A trade publication is reporting this afternoon that President Obama's 2011 federal budget proposal will assume receipt of billions of dollars in revenue generated from the cap-and-trade program even though that proposal appears now to be all but dead in Congress.
"The White House told Sen. John Kerry's office that the president plans to assume revenue from the controversial climate policy approach. Kerry aides said they had assurances the revenue won't be designated for issues unrelated to energy policy and combating climate change.
"Obama last year proposed in his fiscal 2010 budget that a cap-and-trade program would raise some $650 billion over 10 years via a full auction of emission credits, with the money primarily going to pay for middle-class tax cuts and development and deployment of clean energy technologies," Energy and Environment News senior reporter Darren Samuelson wrote in the publication that is subscription-only.
Obama repeated during his State of the Union address Wednesday evening his hope that Congress would pass the energy reform bill that featues as its anti-global warming centerpiece establishment of a cap-and-trade program of government credits for carbon emissions reductions that businesses would buy and sell.
The proposal's main Senate co-sponsors are Sen. Barbara Boxer, the California Democrat who is chairman of the Environment and Public Works Committee, and Kerry, the Massachusetts Democrat. A similar bill co-sponsored by Representatives Henry Waxman of California and Ed Markey of Massachusetts was approved by the House last year.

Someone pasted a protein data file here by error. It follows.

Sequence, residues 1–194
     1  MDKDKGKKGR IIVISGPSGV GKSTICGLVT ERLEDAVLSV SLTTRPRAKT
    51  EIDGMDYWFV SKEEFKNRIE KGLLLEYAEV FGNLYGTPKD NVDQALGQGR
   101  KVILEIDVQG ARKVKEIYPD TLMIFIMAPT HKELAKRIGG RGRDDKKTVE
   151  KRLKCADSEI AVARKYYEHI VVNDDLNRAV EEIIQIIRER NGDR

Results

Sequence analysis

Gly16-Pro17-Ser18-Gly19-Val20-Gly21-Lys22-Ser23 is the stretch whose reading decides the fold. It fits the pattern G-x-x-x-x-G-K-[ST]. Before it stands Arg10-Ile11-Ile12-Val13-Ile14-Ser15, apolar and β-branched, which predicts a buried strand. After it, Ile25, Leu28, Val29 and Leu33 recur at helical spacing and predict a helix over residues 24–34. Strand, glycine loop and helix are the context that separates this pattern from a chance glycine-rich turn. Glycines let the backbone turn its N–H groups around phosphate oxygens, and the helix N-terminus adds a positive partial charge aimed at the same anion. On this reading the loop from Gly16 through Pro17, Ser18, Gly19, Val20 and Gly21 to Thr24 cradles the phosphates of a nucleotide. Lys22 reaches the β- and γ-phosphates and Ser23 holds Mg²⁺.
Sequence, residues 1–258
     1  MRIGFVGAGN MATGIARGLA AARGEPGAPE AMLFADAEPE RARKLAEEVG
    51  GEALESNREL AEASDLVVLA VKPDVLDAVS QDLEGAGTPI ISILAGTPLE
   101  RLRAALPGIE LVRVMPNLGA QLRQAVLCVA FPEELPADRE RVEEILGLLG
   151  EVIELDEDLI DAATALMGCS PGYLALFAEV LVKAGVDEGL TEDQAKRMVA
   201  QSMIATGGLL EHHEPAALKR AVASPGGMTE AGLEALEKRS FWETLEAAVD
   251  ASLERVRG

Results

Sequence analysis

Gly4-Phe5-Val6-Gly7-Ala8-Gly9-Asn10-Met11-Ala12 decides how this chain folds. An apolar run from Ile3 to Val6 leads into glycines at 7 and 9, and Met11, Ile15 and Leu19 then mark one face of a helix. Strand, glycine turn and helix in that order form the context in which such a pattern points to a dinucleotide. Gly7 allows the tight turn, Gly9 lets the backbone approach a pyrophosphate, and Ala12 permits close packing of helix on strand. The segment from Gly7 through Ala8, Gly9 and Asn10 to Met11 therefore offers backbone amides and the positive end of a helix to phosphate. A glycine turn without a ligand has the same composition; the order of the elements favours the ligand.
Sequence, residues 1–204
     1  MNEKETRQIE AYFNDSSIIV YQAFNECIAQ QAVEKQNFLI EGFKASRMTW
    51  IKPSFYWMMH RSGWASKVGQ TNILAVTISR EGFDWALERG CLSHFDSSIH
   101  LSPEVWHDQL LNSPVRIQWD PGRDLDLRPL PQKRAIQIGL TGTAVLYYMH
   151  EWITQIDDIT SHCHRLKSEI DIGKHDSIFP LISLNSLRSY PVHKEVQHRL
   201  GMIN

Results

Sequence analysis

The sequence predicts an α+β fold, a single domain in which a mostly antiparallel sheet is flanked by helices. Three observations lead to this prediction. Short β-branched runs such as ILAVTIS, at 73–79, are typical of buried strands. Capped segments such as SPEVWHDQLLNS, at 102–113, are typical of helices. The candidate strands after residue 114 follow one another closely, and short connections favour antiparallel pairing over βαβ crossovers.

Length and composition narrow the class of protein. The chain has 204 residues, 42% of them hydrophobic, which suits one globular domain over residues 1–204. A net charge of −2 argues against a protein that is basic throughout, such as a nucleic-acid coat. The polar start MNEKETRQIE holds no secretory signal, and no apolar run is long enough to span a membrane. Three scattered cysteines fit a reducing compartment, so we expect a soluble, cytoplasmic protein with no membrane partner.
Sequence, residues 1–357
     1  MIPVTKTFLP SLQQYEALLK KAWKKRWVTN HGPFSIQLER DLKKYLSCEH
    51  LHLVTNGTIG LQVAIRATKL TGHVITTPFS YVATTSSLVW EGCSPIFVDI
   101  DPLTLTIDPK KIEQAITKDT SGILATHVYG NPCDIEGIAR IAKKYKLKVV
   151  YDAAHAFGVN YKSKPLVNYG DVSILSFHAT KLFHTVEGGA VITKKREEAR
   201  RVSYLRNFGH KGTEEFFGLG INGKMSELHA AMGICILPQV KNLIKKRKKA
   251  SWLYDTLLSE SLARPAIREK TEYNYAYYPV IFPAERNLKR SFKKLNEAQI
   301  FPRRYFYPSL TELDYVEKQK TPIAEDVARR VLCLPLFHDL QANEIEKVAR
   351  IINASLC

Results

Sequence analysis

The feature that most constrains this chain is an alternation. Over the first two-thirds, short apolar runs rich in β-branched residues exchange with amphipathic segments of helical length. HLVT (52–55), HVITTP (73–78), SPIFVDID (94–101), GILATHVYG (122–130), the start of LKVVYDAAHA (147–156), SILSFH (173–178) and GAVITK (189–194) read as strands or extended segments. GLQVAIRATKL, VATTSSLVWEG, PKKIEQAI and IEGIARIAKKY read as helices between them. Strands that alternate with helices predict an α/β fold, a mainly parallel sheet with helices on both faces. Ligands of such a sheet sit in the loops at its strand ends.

The House bill projects cap-and-trade revenues of $873 billion.
Whether it's the $650 billion projected by the Senate bill or the $873 billion of the House bill, it appears highly unlikely, to put it charitably, that either measure will make it to Obama's desk with the cap-and-trade program intact. That means Obama will be counting phantom revenue as part of his next federal budget proposal.
But then Obama's $787 billion economic stimulus program has produced two million phantom jobs located in phantom zip codes in phantom congressional districts, so perhaps nobody should be surprised to see phantom revenues in a White House budget proposal.